He noted a pair of Arizona laws will take effect July 1, which will penalize only those driving on a learner’s permit and those under 18 during the first six months of holding a driver’s license.

“I suppose the thought is that after you’re 18 it’s no longer dangerous,” Mr. Young quipped, prompting chuckles from the panel and audience in Council Chambers. “But that’s where we’re at right now.”

He said staffers led by police department attorney Harold Brady had looked at language used in similar ordinances proposed and enacted by municipalities and counties around the state to come up with their initial proposal.

The basic ordinance reads: “No person shall, except as otherwise provided in this section, use a mobile device while operating a motor vehicle upon a street or highway, unless that device is specifically designed or configured to allow hands-free use and is used in that manner while operating a motor vehicle.”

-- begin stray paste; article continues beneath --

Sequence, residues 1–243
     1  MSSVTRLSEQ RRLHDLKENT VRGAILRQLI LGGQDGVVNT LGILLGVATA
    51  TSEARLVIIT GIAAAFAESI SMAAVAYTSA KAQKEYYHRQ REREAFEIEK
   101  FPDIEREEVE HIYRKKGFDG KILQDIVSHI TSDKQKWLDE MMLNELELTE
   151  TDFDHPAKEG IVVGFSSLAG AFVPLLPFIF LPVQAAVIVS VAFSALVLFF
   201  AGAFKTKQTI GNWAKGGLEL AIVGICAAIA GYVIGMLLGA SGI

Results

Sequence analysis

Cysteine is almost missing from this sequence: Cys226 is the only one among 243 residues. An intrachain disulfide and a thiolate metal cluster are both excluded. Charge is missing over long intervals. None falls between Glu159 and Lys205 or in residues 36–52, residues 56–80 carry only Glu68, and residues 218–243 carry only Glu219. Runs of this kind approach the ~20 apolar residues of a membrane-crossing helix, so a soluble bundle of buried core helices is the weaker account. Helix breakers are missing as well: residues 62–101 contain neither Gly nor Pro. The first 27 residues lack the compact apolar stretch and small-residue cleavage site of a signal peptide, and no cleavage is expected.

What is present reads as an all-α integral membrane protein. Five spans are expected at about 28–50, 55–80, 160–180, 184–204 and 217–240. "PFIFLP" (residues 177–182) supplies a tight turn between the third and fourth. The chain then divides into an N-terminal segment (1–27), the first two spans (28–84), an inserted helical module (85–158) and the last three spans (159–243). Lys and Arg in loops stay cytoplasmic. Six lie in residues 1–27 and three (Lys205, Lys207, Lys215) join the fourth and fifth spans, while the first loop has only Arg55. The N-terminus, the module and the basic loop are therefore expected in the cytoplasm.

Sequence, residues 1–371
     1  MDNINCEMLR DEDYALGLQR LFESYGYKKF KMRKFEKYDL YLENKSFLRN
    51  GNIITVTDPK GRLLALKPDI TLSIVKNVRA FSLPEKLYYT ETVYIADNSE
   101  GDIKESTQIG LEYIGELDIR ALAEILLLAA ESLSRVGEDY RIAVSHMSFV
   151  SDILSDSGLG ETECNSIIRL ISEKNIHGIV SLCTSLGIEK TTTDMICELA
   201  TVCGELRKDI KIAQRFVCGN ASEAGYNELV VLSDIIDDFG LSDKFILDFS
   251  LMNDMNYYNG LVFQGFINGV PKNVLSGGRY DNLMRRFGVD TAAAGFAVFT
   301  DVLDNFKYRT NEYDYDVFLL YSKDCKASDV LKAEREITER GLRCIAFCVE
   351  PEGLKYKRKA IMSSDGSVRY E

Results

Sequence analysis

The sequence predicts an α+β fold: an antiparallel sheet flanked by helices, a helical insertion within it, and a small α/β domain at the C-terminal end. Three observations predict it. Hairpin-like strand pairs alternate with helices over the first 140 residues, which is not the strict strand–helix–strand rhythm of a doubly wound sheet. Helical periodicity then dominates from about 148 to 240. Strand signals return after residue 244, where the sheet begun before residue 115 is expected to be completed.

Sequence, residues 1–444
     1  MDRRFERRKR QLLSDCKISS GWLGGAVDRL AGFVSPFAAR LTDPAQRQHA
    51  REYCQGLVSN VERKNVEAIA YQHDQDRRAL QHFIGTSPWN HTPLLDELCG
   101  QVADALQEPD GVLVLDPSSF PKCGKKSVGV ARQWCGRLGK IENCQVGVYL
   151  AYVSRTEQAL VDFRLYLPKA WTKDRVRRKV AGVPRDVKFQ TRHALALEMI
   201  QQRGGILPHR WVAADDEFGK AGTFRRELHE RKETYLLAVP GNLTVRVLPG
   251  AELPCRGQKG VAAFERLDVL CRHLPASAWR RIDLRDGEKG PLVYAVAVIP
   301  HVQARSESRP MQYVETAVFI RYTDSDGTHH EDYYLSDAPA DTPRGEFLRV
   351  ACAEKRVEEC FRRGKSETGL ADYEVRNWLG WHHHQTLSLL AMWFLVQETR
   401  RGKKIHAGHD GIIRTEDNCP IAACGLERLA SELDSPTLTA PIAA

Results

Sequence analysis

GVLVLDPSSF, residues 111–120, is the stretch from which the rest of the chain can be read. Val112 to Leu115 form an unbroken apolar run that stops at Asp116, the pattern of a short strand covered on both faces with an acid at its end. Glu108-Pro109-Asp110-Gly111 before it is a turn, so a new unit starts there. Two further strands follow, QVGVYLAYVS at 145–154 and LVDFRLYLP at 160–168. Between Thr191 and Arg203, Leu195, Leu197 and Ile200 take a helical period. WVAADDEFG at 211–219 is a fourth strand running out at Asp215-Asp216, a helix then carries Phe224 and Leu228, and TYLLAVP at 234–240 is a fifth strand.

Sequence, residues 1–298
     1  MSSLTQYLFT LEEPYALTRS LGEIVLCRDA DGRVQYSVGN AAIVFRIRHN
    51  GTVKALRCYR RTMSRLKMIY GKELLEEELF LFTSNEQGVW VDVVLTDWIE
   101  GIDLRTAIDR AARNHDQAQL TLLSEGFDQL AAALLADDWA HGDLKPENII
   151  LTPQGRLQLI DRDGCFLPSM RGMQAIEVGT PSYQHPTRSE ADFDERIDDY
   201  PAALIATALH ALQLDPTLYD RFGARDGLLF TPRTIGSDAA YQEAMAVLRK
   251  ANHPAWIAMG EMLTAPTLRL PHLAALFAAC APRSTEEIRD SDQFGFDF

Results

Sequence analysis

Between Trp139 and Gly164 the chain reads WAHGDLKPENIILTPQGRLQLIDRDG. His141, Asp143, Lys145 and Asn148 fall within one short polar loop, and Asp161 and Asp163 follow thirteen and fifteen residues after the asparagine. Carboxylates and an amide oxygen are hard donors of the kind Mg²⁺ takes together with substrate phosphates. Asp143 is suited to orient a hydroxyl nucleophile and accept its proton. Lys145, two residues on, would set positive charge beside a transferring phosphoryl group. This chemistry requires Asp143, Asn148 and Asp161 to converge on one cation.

Violation would be a primary offense, which means if an officer sees a driver breaking the rule, the driver can be pulled over and possibly cited for that action alone.

The chief asserted making distracted driving a primary offense is needed to ensure public safety.

“I think that’s important because we see it all the time,” Mr. Young said. “I can tell you I myself see it all the time … I think the officers are capable of determining whether or not someone’s using that device with their hands while they’re driving or sitting in traffic.”